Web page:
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Microsoft's IM letter means you agree to pay and upgrade

Read the EULA. Gee!
Wed Aug 20 2003, 11:54
END USERS OF Microsoft's Instant Messenger software that got multiple copies of a mail advising them to upgrade yesterday need to read the fine print of the firm's terms and conditions most carefully.

The end user licence agreement (EULA) for the new version of Instant Messenger has some clauses that suggest changes are afoot in the way Microsoft deals with this popular little software item.

By clicking on the new agreement, users promise to pay for future upgrades and to acquire future chargeable upgrades whether they're wanted or unwanted.

Read on.

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Replacement, Modification or Upgrade of the Software
Microsoft reserves the right to replace, modify or upgrade the SOFTWARE at any time by offering you a replacement or modified version of the SOFTWARE or such upgrade and to charge for such replacement, modification or upgrade.

In the event that Microsoft offers a replacement or modified version of or any upgrade to the SOFTWARE, (a) your continued use of the SOFTWARE is conditioned on your acceptance of such replacement or modified version of or upgrade to the SOFTWARE and any accompanying superseding EULA, and (b) in the case of replacement or modified SOFTWARE, your use of all prior versions of the SOFTWARE is terminated.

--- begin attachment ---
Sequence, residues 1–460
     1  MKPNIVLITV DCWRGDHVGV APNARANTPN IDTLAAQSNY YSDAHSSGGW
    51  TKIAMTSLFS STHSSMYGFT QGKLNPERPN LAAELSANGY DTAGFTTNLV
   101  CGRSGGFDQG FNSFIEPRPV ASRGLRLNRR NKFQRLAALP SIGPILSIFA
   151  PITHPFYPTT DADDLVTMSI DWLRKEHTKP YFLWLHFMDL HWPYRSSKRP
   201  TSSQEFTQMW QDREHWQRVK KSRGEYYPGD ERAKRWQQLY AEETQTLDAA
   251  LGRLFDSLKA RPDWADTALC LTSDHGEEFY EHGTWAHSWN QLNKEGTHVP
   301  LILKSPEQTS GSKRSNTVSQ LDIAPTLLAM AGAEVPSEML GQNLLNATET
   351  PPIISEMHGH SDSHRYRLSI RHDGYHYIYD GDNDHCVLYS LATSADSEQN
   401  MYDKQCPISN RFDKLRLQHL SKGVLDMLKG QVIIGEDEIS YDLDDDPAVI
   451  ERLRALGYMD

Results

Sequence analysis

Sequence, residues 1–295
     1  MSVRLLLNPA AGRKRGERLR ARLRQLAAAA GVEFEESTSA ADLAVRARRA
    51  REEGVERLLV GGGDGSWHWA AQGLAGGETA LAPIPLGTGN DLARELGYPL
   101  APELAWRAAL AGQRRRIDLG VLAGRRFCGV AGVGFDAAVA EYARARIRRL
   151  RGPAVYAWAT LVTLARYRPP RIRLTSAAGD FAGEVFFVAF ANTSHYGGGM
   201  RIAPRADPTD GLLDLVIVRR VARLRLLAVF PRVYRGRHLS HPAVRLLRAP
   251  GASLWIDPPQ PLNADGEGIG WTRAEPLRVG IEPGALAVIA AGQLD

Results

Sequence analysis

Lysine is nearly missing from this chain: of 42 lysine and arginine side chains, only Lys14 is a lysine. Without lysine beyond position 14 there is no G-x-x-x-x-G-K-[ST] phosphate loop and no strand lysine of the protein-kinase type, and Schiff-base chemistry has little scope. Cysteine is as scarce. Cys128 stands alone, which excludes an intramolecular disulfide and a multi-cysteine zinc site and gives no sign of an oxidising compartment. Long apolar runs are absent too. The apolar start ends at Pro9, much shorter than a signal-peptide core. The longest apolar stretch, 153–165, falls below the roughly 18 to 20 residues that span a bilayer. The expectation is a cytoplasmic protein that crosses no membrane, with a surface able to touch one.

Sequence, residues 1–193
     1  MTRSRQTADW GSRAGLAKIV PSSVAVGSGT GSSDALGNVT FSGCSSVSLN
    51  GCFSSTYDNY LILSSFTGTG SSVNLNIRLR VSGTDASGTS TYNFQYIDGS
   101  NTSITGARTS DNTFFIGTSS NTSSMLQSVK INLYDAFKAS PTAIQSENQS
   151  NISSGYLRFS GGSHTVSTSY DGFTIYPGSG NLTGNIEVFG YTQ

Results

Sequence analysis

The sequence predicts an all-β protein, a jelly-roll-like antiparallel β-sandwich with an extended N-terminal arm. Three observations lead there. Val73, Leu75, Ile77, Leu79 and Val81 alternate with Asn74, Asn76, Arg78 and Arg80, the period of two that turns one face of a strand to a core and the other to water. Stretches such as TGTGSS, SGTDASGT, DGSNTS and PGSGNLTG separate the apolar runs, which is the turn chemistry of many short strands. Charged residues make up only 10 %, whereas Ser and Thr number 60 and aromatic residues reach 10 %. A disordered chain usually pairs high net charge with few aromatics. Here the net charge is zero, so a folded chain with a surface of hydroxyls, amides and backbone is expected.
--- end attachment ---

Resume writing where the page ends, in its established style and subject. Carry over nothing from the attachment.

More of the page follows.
TERMINATION: ... Microsoft may terminate this EULA by offering you a superseding EULA for the SOFTWARE or any replacement or modified version of or upgrade to the SOFTWARE and conditioning your continued use of the SOFTWARE or such replacement, modified or upgraded version on your acceptance of such superseding EULA.

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What does this mean? It could mean that Microsoft may charge fees whenever it wants, and that you also have to stop using the software if the firm decides.

Always read the fine print. If Microsoft addes this particular clause to operating systems, everyone might be forced to utter "Hail Palladium" when the push came to shove. µ

 

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